Many older Americans eschew the idea of moving into an assisted living or nursing facility. Home health care can help retirees fulfill that goal at a reasonable price.

Beginning in January 2011, the first baby boomers turned 65, ushering in a new era. Between 1946 and 1964, more than 76 million American children were born, and as that generation ages, experts anticipate it will have a major impact on our culture and our economy, particularly the health-care sector.

According to the U.S. Census Bureau, there had been about 37 million seniors (age 65 and older) before the first boomers passed that milestone. Since January, approximately 10,000 more Americans become senior citizens each day. By 2031, their numbers will almost double, and the country will have more than 70 million seniors among its ranks. At that point, roughly one in five Americans will be a senior citizen.

The booming boomer population gives rise to the issue of how these older Americans plan to live out their golden years. For many, remaining independent is the most important consideration. With the help of medical and technological advances, it's easier than ever for adults to remain in their own homes for life--or at the very least, for much longer than they did generations ago.

Why Home Health Care?

In situations where a person needs round-the-clock care or living alone is unsafe, moving into a nursing home or assisted living facility may be the best choice. But most people aren't in that boat. Many need only a little extra help.

Peter Ross, CEO of Senior Helpers, a Maryland-based franchising company, says home health-care services can help with the basic activities of daily living and allow people to retain their independence for many additional years. "As we age, each of us has difficulty with some tasks, including eating, sleeping, toileting, or bathing and hygiene," he says. "In the past, when there were two of those activities a person couldn't do, it was a prescription for moving to an institution."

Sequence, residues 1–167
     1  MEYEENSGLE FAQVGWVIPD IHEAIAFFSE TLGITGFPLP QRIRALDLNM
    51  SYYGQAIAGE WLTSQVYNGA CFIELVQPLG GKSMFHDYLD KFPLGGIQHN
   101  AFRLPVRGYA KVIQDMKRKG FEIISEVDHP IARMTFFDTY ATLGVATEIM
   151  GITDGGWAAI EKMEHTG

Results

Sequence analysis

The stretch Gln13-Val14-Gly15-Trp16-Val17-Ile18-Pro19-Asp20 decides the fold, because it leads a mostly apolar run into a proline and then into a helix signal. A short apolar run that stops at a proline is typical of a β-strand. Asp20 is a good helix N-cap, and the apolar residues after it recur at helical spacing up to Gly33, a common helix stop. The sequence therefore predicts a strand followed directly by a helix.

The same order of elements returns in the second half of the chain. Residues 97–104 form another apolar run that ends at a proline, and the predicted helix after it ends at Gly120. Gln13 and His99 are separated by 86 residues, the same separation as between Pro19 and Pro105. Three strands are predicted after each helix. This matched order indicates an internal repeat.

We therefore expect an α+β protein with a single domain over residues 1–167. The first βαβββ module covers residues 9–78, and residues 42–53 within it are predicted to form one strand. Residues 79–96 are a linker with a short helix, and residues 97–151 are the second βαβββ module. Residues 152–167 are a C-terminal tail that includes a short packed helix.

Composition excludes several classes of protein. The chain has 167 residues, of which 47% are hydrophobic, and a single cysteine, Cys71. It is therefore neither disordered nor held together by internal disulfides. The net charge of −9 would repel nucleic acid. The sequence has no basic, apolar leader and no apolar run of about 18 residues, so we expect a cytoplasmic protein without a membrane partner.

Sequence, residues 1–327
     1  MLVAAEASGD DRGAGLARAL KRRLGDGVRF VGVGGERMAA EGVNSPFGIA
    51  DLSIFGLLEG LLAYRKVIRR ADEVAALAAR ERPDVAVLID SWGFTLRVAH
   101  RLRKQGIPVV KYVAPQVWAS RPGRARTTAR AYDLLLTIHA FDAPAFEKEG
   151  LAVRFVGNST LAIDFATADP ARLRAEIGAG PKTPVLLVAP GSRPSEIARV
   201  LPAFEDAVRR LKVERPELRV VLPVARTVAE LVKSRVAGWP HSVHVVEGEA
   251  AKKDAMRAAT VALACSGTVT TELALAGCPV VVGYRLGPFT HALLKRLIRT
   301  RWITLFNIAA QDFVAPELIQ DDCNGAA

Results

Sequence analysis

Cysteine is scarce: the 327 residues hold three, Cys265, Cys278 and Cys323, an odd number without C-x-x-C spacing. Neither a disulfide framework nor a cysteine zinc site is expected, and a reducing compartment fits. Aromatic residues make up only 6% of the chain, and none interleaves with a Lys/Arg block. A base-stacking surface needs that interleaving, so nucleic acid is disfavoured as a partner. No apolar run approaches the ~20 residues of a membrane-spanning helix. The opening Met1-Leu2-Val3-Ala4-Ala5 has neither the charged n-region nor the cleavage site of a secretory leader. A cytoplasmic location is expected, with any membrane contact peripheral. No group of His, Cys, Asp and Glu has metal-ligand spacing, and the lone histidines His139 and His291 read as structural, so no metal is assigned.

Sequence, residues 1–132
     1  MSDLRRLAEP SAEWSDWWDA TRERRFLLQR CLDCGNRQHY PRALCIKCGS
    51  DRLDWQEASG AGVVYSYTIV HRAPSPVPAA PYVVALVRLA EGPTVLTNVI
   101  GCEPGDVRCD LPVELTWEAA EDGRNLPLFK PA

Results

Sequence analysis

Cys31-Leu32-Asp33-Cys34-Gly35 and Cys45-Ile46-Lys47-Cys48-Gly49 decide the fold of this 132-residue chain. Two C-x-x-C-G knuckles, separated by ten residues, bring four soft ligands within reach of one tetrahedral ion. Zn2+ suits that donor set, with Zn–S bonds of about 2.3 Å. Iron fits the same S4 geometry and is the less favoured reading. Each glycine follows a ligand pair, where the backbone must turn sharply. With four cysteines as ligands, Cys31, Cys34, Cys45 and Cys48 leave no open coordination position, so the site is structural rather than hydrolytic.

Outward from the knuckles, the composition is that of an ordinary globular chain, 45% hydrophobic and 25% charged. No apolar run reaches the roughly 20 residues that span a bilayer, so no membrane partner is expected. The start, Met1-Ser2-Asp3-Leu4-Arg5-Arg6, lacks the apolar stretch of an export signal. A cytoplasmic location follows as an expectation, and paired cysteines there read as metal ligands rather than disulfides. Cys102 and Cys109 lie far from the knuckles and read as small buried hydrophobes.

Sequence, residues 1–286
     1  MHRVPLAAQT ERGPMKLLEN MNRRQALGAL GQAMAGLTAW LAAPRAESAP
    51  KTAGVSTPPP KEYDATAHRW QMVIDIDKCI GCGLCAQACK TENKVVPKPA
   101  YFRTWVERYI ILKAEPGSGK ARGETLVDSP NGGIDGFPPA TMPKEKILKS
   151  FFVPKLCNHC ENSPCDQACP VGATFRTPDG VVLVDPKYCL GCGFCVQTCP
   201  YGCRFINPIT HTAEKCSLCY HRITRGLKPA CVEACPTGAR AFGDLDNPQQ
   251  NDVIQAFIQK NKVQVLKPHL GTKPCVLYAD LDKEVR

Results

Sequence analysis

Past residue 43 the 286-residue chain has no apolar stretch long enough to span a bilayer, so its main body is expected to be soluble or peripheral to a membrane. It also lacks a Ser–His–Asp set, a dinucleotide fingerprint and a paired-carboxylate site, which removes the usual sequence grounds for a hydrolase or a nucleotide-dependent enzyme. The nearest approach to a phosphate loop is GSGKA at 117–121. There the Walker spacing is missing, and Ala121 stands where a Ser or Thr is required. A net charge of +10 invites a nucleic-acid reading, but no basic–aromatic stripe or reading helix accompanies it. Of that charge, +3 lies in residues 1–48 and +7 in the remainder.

With home health care, trained individuals come into a client's home to help with tasks that have become difficult. Some companies provide non-medical assistance such as cooking, meal planning, housekeeping, and transportation to and from appointments or errands. Other companies employ licensed medical professionals who can provide specialized services including wound care, home infusions, catheter care and physical or speech therapy.

Lori Wengerd, owner of the Columbus branch of Home Care Assistance Inc., says home care is very flexible. Some patients might benefit from just an hour or two of assistance each week, while others may require much more attention. In any case, home care helps seniors remain in familiar surroundings.

"It allows them to stay in their own homes safely," Wengerd says. "They may be interdependent on their caregivers, but they are still making their own decisions about what to do when, and how to spend their days. We find that people who stay in their homes tend to thrive, in part because they are able to focus their energies on activities they enjoy."